Antique Hunting Part One- Aging an Antique by Its Cover

Well, you found this wood table in an old garage. Wood; looks old, it’s in decent shape. Do you want it? How much do you want to pay?

For this discussion, I am going to concern myself mainly with North American Antiques. The Americans are relatively new countries, and while there may be people with handed down heirloom from Mayflower families; I am reasonably sure you will not encounter their wood pieces in an old barn.

What is it?

First, we can discuss what an antique is. In American as a country was born in 1776. So American made antiques started around late 1600. However, the settling of the Americans began in the 1500s. English pilgrims established the Jamestown colony in 1607, and Great Britain had indeed colonized American by 1650. HERE SEE   

Initially, the American home had handmade furniture by the colonists or they brought furniture over on boats mainly from England and France. You may find a few old pieces from before the 1700s, but that only seems to happen on the Antique Roadshow.   

 Disclaimer Alert: I have to tell you that I am not a professional antique appraiser and I rely on the opinions of professional antique restorer and professional dealers. John is an antique restorer, but his expertise is in Irish and English furniture and antiques.

John tells me one of the first things he looks for in a piece of furniture is joinery: how the drawers and parts of the table come together. The next primary determinant is the style; what the piece looks like and finally the wood type used.

Generally, you will find the type of wood used helo dates apiece. Dr. Lori notes that you will find more Mahogany used in the 1700s, Walnut and Cherry in the 1800s and Oak and Rosewood in the 1900s

Keep it or?

Now that you have an idea of the age of the piece that you have. What do you do with it? Firstly, if it is an antique, do you know the value? You don’t want to paint something you might be able to resell for a significant profit. I think you should always try to get an appraisal of a possible antique piece before you alter it. Keep in mind, if the furniture is damaged and not easily refinished, you could probably just go ahead and paint the furniture but get that appraisal first. A basic Google or eBay search or an antique book search might be all you need to get a good idea.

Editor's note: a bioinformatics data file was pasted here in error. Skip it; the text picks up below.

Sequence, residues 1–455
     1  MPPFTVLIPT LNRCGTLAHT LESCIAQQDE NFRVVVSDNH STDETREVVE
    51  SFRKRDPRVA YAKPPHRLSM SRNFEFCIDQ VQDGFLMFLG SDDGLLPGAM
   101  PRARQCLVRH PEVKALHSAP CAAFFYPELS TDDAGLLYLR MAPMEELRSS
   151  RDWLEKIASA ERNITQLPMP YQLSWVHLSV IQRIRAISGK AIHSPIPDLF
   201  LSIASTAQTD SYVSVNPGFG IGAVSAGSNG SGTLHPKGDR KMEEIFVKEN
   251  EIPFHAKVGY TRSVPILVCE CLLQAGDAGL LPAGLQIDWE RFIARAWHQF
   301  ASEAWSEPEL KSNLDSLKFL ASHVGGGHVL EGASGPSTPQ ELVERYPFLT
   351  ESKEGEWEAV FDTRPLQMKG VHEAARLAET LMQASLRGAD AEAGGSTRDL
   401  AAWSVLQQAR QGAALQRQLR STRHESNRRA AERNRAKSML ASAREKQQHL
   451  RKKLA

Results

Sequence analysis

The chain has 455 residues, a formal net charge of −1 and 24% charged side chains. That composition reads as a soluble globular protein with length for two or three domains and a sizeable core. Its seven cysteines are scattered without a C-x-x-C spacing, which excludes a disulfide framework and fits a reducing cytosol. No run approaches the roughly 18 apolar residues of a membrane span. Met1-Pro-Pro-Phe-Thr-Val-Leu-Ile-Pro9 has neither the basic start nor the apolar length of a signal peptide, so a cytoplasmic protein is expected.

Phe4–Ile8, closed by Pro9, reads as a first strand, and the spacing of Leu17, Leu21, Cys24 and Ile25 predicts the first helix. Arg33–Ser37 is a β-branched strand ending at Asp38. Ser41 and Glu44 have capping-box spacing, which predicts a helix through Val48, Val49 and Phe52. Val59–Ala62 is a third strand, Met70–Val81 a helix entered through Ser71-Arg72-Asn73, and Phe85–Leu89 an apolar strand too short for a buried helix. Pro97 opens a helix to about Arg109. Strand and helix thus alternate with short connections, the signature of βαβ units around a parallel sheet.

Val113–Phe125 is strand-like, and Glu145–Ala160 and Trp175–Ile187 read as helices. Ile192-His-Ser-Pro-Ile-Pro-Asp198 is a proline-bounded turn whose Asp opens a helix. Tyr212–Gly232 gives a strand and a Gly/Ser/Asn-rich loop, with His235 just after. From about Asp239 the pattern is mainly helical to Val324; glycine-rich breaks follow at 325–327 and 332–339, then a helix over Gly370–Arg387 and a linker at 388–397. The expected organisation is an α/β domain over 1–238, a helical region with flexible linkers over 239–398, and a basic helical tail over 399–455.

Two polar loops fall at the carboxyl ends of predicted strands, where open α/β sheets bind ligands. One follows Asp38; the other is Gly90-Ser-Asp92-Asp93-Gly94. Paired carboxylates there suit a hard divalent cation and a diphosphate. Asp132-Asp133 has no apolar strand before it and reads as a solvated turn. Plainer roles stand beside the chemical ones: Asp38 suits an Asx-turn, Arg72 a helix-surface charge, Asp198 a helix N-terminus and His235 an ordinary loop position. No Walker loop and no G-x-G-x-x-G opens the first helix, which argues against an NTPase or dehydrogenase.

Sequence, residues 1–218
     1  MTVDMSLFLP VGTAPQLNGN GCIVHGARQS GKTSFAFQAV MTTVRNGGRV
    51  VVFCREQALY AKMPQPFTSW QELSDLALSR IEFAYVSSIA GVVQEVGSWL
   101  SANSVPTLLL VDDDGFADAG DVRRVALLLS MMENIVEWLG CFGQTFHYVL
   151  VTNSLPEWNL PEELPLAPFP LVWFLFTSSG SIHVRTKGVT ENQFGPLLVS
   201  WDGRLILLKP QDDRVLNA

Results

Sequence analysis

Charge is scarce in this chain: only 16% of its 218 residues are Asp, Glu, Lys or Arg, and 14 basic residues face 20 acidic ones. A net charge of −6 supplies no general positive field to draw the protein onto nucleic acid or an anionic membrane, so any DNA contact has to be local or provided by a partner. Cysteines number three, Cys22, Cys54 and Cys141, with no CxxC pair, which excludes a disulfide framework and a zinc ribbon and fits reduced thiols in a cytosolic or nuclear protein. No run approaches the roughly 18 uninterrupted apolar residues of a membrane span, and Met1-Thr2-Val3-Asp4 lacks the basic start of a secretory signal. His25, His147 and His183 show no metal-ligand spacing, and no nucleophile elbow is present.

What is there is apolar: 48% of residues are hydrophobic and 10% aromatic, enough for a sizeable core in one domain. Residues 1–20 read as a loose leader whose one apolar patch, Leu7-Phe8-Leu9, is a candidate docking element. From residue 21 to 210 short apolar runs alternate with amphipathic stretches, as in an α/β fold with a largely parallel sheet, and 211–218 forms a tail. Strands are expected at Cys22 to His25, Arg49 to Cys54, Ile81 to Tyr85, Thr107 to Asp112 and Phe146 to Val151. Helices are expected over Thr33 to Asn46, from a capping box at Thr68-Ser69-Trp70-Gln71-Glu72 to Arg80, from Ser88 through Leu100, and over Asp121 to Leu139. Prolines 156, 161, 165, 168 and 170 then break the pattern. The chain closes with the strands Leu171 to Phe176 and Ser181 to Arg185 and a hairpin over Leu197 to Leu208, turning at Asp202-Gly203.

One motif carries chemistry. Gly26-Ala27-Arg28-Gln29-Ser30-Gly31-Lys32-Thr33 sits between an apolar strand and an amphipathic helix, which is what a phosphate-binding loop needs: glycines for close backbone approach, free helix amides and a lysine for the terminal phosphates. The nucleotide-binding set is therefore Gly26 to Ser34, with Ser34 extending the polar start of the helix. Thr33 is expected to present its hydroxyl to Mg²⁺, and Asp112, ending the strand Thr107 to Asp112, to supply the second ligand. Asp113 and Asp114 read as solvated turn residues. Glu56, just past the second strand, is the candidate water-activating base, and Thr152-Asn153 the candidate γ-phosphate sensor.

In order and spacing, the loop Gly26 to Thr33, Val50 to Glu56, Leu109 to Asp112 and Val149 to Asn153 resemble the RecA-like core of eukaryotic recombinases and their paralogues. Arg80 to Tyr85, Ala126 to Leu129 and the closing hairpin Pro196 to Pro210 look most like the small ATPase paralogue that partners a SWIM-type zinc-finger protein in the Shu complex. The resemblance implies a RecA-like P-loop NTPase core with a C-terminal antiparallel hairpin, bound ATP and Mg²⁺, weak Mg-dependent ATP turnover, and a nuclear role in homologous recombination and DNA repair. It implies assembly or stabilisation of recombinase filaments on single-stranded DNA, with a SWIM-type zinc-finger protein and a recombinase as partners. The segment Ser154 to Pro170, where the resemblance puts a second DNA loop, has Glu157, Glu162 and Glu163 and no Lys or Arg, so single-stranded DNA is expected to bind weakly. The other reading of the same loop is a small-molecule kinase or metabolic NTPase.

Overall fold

Furthermore, heritage antiques: furniture from the sixteen and seventeen and possibly some eighteen hundred pieces should never be refinished. We are talking items worth in the four-figure range of $1,000.00 and higher. Never restore an old item before an appraisal. Restoration destroys the original patina and results in significant loss of value. This is why an assessment is so critical.

Can I Paint It?

Just because it may be an antique, that doesn’t mean that you can’t paint the furniture. In a very old French, Italian and even English home, you can find very old furniture that has been painted and repainted over centuries and is part of the decor of the house. I love the muted creams, blues and yellow in French county home and the varied colors found in Engish country homes. Here is find furniture in pale to vibrant Nature colors, green, rose, and yellow. The Italians always loved handpainted furniture some of it quite ornate, like the Baroque pieces found in Italy, but even today country home has painted murals and furniture.

In our own homes, you can see John and I both love the Antique look and dark furniture, but we still appreciate the lightness and decor painted furniture can bring to the room. 

Admittedly, we do tend to keep the older pieces in the original wood or John might refinish and antique. And you know, we do not have any museum-quality furniture. The new items we find, I do paint, and even John has come to appreciate the freshness and warmth some painted furniture can bring into a home. The days of all brown furniture are over for now.

Some of the more common  periods of furniture we find  are pictured below: An American Empire, Victorian, and Arts and Craft items:

My Victorian table

My Eastlake Oak carved polar table 1870 to 1880

My 1920 Empire Mahogany Games Table with Lyre Base and Swivel Top- a four-figure antique

A Gentleman’s Travel Chest- Ours is a reproduction for the originals Georgeon chest of the late 1700 early 1800- an original work two to three thousand; ours a few hundred.  The dovetails were the giveaway- machined

I hope this was helpful. I will expand on painted furniture paints and techniques we used and newer products I’ve found in a later post.

Thanks for visiting. What do you think about the information? Do you love painted furniture? Leave me your thoughts in the comments section at the end..I’d love to hear from you.

Talk soon- Take good care


Meanwhile, below is a great informative piece on American Furniture:

The Spruce has a wonderful article on the twelve styles of American Furniture written by craftsmen and writer Chris Baylor

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